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A marketing strategy is a plan that helps an organization match its environment in the present and in the future. A marketing strategy is a coherent, all-encompassing plan that addresses your business environment, competition, the market needs, how you acquire and maintain customers, and deliver value to them.

In the most concrete terms, a marketing strategy is a set of plans and processes that drive sales of your product or service; it’s the roadmap that leads to customers and lasting revenues.

People often confuse a marketing strategy and a marketing plan. In fact, it’s not uncommon to find a marketing strategy and a marketing plan blended together. However, the line between the two is anything but blurry. A marketing strategy covers the big picture of what a business offers. The plan focuses on how the business will get across the key message — the creative, the vehicles, the timing, and so forth.

It’s also important to note that the marketing strategy should unfold well before a product or services’ inception. A mistake that many startups make is to go through the laborious process of developing a product, or taking it to the so-called ‘proof of concept’ stage, only to then start testing their product and its reception in the market. The infamous expression from the dotcom bubble in the late nineties, ‘Build it and they will come,” is unfortunately still very much in play today.

What Marketing Strategy Isn’t

Marketing doesn’t just entail maintaining a presence in certain media channels. In fact, your marketing strategy can be centered on minimizing advertising expenditures. People all too often conflate marketing strategy with advertising tactics. For example, Remarketing is a marketing tactic and not a strategy.

Marketing has also been defined as an attempt to influence behaviour, but this is a Machiavellian interpretation. Successful marketers understand behaviour, they discover needs and wants and satisfy them with useful solutions and value.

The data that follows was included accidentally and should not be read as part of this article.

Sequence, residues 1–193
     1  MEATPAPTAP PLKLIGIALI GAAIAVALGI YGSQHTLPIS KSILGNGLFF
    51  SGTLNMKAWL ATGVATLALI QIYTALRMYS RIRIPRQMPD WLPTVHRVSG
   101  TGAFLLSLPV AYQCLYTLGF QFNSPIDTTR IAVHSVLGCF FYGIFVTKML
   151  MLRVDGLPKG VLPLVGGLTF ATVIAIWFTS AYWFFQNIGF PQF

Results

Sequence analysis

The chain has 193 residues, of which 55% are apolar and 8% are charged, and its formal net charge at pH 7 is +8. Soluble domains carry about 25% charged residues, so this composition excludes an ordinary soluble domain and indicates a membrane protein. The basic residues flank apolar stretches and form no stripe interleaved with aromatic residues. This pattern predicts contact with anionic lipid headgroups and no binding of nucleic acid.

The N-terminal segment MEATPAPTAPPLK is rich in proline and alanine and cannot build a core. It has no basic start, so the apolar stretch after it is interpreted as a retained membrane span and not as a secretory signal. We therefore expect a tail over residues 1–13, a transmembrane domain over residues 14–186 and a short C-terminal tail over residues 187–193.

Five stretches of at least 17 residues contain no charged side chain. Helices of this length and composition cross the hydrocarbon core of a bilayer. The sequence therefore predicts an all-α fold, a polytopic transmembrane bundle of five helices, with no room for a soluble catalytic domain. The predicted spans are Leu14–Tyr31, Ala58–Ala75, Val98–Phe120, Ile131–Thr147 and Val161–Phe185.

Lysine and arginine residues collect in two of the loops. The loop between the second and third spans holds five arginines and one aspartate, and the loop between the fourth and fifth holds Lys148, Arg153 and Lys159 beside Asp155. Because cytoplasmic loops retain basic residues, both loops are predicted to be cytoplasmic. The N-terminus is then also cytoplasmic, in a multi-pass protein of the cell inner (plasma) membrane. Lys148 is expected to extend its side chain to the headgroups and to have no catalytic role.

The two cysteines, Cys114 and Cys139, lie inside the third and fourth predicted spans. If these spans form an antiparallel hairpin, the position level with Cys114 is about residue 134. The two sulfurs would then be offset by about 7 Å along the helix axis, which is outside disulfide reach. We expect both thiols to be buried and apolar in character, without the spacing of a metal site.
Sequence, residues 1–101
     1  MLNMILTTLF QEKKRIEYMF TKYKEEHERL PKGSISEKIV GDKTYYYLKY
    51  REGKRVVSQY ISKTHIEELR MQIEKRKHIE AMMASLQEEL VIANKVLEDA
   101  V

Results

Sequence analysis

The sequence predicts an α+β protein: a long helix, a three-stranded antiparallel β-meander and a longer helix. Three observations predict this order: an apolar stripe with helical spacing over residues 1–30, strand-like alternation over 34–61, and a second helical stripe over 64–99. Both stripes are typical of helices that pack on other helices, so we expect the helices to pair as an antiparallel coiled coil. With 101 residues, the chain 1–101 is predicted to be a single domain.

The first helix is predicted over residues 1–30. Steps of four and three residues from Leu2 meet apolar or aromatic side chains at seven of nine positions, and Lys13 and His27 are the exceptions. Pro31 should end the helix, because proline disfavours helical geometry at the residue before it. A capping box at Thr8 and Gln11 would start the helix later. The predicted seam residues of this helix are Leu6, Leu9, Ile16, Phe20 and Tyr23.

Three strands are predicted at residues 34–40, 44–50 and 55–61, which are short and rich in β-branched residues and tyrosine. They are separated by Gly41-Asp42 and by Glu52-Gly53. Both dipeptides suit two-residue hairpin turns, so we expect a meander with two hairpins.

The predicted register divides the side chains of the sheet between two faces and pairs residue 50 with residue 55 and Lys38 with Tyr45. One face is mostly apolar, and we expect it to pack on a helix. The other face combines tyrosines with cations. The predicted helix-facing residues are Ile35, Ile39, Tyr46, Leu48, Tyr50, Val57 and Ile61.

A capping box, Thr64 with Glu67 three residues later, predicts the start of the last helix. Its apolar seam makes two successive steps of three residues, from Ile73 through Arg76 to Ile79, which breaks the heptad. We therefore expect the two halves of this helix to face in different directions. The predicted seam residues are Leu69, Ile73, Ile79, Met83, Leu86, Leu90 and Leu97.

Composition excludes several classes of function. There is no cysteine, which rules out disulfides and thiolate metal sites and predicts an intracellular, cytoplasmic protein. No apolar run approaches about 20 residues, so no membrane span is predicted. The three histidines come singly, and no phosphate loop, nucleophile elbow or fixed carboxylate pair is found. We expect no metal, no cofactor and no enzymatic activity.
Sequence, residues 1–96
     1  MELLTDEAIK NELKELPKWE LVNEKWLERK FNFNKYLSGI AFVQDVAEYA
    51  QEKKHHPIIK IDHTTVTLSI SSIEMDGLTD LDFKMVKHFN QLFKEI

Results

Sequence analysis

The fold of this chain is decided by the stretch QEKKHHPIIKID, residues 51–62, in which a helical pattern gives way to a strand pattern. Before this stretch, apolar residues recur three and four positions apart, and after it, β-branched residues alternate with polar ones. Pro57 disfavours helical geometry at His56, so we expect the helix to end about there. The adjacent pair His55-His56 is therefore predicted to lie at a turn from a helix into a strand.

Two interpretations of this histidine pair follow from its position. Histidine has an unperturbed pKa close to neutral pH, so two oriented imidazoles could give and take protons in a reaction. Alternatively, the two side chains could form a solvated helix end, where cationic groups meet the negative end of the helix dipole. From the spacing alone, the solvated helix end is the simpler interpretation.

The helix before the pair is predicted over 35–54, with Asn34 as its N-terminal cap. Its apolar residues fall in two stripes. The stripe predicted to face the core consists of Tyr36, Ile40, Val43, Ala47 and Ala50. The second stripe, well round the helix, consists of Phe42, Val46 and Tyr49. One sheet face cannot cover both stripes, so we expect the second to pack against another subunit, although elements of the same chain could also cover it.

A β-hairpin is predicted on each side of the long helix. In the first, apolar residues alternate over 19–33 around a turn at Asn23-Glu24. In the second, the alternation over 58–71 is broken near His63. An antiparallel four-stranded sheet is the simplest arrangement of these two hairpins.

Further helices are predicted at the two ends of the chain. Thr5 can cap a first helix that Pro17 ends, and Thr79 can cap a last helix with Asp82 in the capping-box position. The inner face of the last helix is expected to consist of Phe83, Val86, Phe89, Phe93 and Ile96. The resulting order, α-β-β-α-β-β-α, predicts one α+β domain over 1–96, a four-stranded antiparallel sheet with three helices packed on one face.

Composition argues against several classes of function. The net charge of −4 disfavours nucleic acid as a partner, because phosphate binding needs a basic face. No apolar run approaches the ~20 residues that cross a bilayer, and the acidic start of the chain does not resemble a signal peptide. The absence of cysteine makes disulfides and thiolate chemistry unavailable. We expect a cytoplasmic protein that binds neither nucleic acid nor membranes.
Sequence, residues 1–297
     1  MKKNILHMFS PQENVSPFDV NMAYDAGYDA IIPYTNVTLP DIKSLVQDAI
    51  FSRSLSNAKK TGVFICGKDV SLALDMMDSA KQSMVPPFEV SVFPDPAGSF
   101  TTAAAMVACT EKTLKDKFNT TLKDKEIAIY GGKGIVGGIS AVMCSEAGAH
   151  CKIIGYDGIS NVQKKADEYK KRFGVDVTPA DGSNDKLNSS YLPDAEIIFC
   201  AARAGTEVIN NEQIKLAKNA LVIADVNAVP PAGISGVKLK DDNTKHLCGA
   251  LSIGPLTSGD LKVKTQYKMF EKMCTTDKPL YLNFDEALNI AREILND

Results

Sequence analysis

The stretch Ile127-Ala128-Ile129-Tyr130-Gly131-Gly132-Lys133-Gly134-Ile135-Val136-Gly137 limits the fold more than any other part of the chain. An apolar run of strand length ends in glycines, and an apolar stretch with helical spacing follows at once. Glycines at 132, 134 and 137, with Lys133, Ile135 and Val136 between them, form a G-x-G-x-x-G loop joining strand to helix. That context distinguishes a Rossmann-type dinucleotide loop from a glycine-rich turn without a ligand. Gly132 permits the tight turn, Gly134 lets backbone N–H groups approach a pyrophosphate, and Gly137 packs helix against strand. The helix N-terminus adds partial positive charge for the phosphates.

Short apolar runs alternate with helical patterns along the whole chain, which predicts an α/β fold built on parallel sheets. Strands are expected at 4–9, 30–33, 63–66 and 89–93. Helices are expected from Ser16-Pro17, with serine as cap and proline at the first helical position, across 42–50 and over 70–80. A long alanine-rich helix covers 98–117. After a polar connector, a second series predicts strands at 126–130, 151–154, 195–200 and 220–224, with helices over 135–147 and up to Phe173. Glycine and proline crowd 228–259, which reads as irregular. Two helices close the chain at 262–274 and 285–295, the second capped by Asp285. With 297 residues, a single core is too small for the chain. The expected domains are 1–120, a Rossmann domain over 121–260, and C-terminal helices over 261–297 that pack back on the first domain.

Finally, many marketers will define marketing as the science of creating a competitive advantage. While creating a competitive advantage is a typical challenge in a mature and crowded marketplace, it does not apply to the current digital economy — and even less so to truly novel and exploratory start-ups, where competition is not as direct.

Why Do We Need Strategy?

What happens without one? Chaos. The marketing function becomes a mad scurry for hacks, scattered tactics and ‘optimizing’ things that ultimately do not matter to the business.

An explicit strategy is an absolute necessity in today’s rapidly changing digital business environment. You need a sense of direction that unifies everyone in the organization. The marketing function helps teams reach conclusions about consumer behaviour using analysis, deliberation, campaigning and tools.

At the most fundamental level, businesses need customers. Customers generate revenue, and revenue solves virtually all business problems. A marketing strategy outlines how we are going to generate revenues by acquiring new customers or release more revenue from our existing customer base. Therefore, the output of any successful marketing strategy is revenue. This takes place by defining the top line strategy, and drilling down into objectives, processes and goals and executing towards them.

Strategy and Action

Marketing strategy, as with the field of strategy itself, addresses the transformation of analysis into action, or strategy formulation and implementation. Marketing strategy is worthless unless it can be proven to be effective. This is why every marketing strategist should be very well versed in marketing tactics, and oversee the execution of their proposed strategy every step of the way.